My favorite part of reading a work of science fiction for the first time, like visiting a new country, is that hit of strangeness, of being someplace where I don’t know the rules, where even the familiar is unsettling, where I see everything with new eyes.
In 1984, Neuromancer delivered that to me. I read the book in small bites, like one of those sea-salt caramels that are too big and intense and salty to consume all at once. The first few chapters are especially chewy: I like the almost-brutal profligacy of the prose, new words and ideas cascading out of the book fresh and cold as a mountain torrent, and be damned if you lose your footing. The opening vision of an assaultive future is wide-ranging and obsessive, as if the narrator, dex-driven and frantic in Chiba City, just can’t turn his consciousness off. Everything he sees has layers of meaning and speaks of the past, the present, and the future all at once.
There’s not a wasted word in these chapters, and now, nearly forty years later, if any allusions escape the hapless reader, cyberspace is here to help. In 1984, if you didn’t know what a sarariman was, no dictionary did either. Now you can just google it. We all speak a little Japanese now, and we know our way around Chiba City, at least in our heads. We’re comfortable in cyberspace, though our cyberspace looks a bit different than Case’s. Twenty-first-century readers, no longer tourists in this future, pretty much know where they’re going, and that means they can keep their balance, negotiate the intricate thriller-dance of the story, and examine the larger themes against which it unfolds.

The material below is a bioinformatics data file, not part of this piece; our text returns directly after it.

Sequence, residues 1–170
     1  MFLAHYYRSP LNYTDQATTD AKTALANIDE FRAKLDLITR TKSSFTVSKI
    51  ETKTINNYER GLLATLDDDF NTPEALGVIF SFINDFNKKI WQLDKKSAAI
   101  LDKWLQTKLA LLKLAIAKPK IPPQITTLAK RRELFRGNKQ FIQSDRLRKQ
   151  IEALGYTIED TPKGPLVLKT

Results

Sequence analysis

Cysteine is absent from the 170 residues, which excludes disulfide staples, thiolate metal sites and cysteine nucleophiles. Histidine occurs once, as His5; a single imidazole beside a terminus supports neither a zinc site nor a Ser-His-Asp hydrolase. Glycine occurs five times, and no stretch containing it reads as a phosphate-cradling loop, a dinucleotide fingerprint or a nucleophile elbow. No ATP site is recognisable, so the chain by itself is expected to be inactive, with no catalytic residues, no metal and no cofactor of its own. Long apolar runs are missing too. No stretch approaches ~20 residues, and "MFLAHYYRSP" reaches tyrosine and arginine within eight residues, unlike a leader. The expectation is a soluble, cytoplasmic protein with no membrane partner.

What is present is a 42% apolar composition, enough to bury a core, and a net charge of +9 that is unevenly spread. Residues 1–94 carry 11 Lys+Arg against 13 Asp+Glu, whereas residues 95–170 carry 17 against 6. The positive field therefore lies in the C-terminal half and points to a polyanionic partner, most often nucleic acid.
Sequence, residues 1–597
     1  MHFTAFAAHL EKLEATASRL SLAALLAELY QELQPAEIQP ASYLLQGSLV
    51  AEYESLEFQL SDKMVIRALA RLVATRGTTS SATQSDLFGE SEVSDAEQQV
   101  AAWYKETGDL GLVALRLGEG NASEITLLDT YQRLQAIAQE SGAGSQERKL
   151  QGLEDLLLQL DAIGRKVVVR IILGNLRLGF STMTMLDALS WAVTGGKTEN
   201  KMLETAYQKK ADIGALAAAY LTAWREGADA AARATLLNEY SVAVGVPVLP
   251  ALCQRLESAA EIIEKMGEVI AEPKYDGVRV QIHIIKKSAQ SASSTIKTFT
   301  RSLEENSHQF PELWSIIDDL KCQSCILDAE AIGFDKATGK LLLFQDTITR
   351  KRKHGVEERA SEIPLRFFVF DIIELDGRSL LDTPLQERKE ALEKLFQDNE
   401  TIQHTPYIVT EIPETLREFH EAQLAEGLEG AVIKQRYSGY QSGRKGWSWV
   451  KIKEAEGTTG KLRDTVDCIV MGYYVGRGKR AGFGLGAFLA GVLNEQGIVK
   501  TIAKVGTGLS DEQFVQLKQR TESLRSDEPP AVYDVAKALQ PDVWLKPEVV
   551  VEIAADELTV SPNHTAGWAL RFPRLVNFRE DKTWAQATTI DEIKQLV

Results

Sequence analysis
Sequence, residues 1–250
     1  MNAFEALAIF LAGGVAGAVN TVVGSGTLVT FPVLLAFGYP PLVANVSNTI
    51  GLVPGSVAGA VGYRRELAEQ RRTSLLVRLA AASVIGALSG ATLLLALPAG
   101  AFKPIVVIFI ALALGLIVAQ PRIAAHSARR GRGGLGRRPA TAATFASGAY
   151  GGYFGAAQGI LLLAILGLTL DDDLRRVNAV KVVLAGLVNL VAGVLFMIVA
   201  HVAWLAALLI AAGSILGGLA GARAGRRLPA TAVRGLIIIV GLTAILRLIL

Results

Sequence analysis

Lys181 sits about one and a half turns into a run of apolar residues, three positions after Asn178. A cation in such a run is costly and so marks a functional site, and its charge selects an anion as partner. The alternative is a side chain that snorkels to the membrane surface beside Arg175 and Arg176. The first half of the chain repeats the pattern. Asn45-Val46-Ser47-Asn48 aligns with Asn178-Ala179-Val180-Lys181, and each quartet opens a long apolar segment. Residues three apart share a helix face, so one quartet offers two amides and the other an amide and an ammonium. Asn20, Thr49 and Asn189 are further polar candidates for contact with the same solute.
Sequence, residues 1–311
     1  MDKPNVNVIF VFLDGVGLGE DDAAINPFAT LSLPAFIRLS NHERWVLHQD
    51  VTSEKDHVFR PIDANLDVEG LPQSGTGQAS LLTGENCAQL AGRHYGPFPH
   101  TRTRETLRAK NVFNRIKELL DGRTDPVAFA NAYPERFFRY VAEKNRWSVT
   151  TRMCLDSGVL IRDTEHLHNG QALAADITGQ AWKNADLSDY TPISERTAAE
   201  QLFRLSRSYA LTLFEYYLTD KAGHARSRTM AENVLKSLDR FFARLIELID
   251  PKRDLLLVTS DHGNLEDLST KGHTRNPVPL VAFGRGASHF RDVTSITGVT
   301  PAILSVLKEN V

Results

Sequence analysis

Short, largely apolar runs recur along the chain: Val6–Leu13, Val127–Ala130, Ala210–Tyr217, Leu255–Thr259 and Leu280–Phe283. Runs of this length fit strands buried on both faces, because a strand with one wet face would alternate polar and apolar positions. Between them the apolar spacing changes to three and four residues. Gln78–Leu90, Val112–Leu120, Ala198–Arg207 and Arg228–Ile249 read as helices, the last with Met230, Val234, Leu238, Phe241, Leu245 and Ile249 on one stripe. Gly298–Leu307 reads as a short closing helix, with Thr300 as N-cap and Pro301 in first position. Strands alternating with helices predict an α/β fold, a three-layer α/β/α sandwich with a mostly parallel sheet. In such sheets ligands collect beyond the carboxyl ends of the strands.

William Gibson’s cool, collected language doesn’t make a big deal about this being the future. Your brain glides smoothly past quotidian details that might have been futuristic the first time you read them, but now are just the way the world rolls. The transition to global connectedness and a global economy has been accomplished; cyberspace is here and people all over the world have casual access to it; outer space is an international arena and not just a US/Soviet hegemony. There are Russians here, or, at least, the clunky remains of their materiel, but, presciently, there are no Soviets in Neuromancer.